LOGAN – A citywide mandate making the wearing of face coverings mandatory for Logan City residents and visitors will not take effect until Saturday, but Mayor Holly Daines has already scheduled a vote by the Logan City Council to extend the emergency measure until Dec. 31.
That vote has been set for Aug. 18.
The mayor has informed city council members that City Attorney Kimber Housley has advised that Logan is not required to solicit public comment on the extension of the mask mandate.
In an e-mail message dated Friday, July 31, Daines recommended that no public hearing be scheduled on the mask mandate, but left that decision up to the members of the city council.
While acknowledging that “there are strong feelings on both sides of the mask mandate,” Daines’ message stressed that 80% of e-mails she has received from members of the public are supportive of the mask mandate.
Logan City Councilman Jess Bradfield has indicated that he favors a public hearing on the requested extension, since the mayor provided no opportunity for public discussion of her plan prior to requesting authorization from Gov. Gary Herbert to impose the mask mandate.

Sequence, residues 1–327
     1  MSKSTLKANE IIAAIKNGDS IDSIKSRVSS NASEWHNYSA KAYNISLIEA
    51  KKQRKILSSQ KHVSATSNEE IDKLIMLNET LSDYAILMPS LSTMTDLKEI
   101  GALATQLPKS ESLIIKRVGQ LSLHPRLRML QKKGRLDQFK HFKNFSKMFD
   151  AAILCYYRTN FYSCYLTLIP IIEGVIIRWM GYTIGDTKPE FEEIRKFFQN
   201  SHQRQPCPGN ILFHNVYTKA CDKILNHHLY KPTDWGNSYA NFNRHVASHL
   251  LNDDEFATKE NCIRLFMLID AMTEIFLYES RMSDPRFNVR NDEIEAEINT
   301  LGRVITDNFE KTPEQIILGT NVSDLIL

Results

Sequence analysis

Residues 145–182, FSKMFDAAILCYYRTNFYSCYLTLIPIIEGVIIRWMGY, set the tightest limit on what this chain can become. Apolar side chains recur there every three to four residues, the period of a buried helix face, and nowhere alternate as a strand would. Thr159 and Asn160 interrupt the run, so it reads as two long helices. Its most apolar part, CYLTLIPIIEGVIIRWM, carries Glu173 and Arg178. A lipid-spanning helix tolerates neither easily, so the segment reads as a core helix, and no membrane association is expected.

“I will fight like hell to represent all Logan residents, not just those on the side (of the mask mandate) that I happen to agree with,” Bradfield said.
“If the mayor or council seek to limit residents’ ability to publicly comment, I will immediately move to strike down the executive order,” he added. “We must allow all sides to have a voice.”
Bradfield explained that he now has reservations about the mask mandate because he feels that Daines misrepresented her intentions when she initially discussed the issue with council members on July 21.
At that time, Daines said that the mask mandate would not be enforced punitively. Under the executive order that Daines signed Thursday, however, individuals can be cited either “administratively or criminally … for repeated or egregious violations.”
That executive order applies to any individual over age five who is medically or psychologically able to tolerate a face covering.
The city ordinance stipulates that a face covering that completely covers the nose and mouth must be worn in “public areas where consistent social distancing of at least six feet is not possible, reasonable or prudent.”
With that order, Logan has joined a handful of other local entities in Utah that have made the wearing of face coverings in public mandatory. Those entities are Salt Lake City and three Utah counties: Grand, Salt Lake and Summit.